I joined the Fire Smoke Coalition years ago.  It was not until I got their information at FDIC (www.fdic.com) and reviewed it that I found a wealth of resources that can change firefighters lives.

The mission of the Fire Smoke Coalition is to focus the required attention and resources on the deadly and life-long consequences of breathing  fire smoke by teaching firefighters and first responders how to Prevent, Protect, Detect, Diagnose, and appropriately Treat the exposure if it occurs.  The Coalition is comprised of firefighters and the medical community – all who embrace the challenge of teaching firefighters how to stay alive – and prevent the disease, illness and death associated with today’s deadly fire smoke.

This post links you to an interview I had with the organizations Executive Director, Shawn Longerich.  Her candor and passion for firefighter safety permeates this discussion.

Please visit: www.firesmoke.org  for further information and resources.  Support the cause that is focused on firefighter safety and health.  We can do better!

Shawn Longerich, Executive Director

shawn@firesmoke.org
Fire Smoke Coalition
323 North Delaware Street
Indianapolis, IN 46204
www.FireSmoke.org

Are You Still Thinking From The Jumpseat?

Some people say that the toughest change or transition for them is from firefighter to officer; it would be the same in any profession or industry, when you move from worker to supervisor. Just as in the private sector the move and transition is task, role and responsibility specific.  In some cases it is even physical…

In most professions, a promotion is seen as a reward.  In our industry it is more function specific.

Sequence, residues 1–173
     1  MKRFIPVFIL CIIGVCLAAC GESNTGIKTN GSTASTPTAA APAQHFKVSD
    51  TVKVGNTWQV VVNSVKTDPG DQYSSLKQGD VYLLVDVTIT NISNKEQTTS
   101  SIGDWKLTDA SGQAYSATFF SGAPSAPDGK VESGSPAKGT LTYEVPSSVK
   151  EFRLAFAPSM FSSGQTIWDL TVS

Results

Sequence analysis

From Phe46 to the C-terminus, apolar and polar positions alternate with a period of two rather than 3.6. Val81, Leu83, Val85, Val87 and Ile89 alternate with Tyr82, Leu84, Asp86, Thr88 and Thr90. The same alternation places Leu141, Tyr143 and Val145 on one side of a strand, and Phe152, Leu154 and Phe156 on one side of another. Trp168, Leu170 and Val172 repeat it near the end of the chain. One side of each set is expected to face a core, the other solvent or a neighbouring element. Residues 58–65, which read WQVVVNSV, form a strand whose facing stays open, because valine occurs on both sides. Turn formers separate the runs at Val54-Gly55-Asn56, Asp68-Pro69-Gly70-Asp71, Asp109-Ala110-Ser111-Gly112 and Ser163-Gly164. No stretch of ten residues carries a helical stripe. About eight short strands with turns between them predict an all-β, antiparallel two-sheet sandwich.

You may go from driver to the other front seat with no controls; driving in a vehicle all alone or be driven by an aide. I have ridden in all of them.  Each has its place  and each has its own unique perspective.

In my profession people say that the toughest change or transition for them is from firefighter to officer

They may be right if:

 – You weren’t serious about the job or your responsibilities, to begin with.

– You didn’t make the investment in yourself to study and become proficient

– You don’t like people (the ones you serve or the ones you serve with)

– You are one of the guys/gals and can’t distinguish between leader / follower

– You lack the courage to change yourself and circumstances when needed.

I don’t want you to think that I am bashing anyone or being cruel. I’m not.  Some Officers are honest and tell me that they went for the higher rank, solely, for the higher pay.  (To me, that’s wrong… although not criminal…and now I’m off the soap box)

There are other reasons for this.  I have had the pleasure to work with and speak to hundreds of fire officers in the last thirty years.  Each of them brings something unique to the office and many bring the same thing.  I am finding more and more that they are tool and task focused, as opposed to the overall operation or mission.